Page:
A spokeswoman for the Bavarian state police force said on Monday it was unclear whether the man was an Islamist militant, and that investigations were continuing.
German newspaper Die Welt quoted Bavarian Interior Minister Joachim Herrmann earlier as saying: "My personal view is that it is unfortunately very likely that a real Islamist suicide attack took place here."
The incident, on top of three other attacks since July 18 that left 10 people dead and 34 injured, will fuel growing public unease about Chancellor Angela Merkel's open-door refugee policy. More than a million migrants have entered Germany over the past year, many fleeing war in Afghanistan, Syria and Iraq.
Police said three of the 12 wounded were in a serious condition after the attack in Ansbach, a town of 40,000 people southwest of Nuremberg that has a U.S. Army base.
The dead man had been in treatment after twice before trying to kill himself, though Sunday evening's explosion was more than just "a pure suicide attempt", Herrmann told Reuters. An Islamist link could not be ruled out, he told reporters earlier.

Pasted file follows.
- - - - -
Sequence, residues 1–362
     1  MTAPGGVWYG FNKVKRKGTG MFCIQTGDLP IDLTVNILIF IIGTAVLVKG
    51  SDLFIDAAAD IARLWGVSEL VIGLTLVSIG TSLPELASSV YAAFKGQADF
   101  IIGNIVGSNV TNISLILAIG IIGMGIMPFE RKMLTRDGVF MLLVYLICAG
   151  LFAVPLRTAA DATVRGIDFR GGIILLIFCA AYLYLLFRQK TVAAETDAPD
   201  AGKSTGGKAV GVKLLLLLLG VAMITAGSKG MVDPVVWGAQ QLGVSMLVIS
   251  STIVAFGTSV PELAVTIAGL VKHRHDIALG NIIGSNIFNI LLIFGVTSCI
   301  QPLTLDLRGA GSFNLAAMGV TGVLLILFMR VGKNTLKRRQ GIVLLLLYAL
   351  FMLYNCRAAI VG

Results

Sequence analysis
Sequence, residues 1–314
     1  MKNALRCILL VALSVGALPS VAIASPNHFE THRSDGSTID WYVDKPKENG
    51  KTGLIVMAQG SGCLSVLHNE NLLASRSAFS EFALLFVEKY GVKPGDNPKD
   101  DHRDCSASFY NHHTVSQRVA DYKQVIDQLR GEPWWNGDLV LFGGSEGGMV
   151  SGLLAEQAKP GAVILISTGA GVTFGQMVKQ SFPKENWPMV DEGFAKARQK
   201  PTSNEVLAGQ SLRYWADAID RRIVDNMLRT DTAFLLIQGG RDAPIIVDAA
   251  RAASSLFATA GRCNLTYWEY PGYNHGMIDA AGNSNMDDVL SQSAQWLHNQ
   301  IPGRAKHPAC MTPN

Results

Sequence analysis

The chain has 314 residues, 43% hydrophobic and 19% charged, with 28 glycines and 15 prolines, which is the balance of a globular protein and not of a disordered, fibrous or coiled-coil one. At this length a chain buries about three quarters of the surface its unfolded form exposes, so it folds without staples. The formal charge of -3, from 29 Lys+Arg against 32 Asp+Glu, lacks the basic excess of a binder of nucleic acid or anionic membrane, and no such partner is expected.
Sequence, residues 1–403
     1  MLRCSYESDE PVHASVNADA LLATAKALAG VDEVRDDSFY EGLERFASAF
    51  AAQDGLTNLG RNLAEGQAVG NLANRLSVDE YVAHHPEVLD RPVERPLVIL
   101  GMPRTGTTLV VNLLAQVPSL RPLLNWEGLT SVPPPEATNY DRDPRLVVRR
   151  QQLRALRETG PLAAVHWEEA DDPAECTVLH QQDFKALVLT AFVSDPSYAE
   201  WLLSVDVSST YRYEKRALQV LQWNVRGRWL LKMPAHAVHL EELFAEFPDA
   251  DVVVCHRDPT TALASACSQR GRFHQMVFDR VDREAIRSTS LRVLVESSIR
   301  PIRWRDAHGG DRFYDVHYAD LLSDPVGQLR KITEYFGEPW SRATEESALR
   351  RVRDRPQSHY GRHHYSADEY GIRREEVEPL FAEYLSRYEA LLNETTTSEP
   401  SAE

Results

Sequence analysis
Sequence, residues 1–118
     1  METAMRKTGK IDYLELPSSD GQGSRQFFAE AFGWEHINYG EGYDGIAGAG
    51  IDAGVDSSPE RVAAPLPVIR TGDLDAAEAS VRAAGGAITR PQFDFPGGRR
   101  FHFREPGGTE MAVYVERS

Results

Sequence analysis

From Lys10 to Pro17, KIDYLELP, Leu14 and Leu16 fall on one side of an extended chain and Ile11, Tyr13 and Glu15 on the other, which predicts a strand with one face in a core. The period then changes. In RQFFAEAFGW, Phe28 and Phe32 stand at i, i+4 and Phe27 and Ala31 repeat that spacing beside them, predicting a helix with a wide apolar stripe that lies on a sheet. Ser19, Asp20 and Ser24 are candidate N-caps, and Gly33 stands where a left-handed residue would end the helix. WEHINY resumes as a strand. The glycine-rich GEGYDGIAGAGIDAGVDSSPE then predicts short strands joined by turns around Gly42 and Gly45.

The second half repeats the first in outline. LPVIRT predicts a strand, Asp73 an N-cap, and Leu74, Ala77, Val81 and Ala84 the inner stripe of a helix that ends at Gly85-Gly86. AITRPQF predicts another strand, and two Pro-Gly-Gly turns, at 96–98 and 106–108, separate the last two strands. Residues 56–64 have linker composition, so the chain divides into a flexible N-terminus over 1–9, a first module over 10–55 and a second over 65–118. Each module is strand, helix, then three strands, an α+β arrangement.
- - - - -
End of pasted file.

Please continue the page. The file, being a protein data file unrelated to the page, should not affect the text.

"It's terrible ... that someone who came into our country to seek shelter has now committed such a heinous act and injured a large number of people who are at home here, some seriously," Herrmann told a news conference early on Monday.
"It's a further, horrific attack that will increase the already growing security concerns of our citizens. We must do everything possible to prevent the spread of such violence in our country by people who came here to ask for asylum."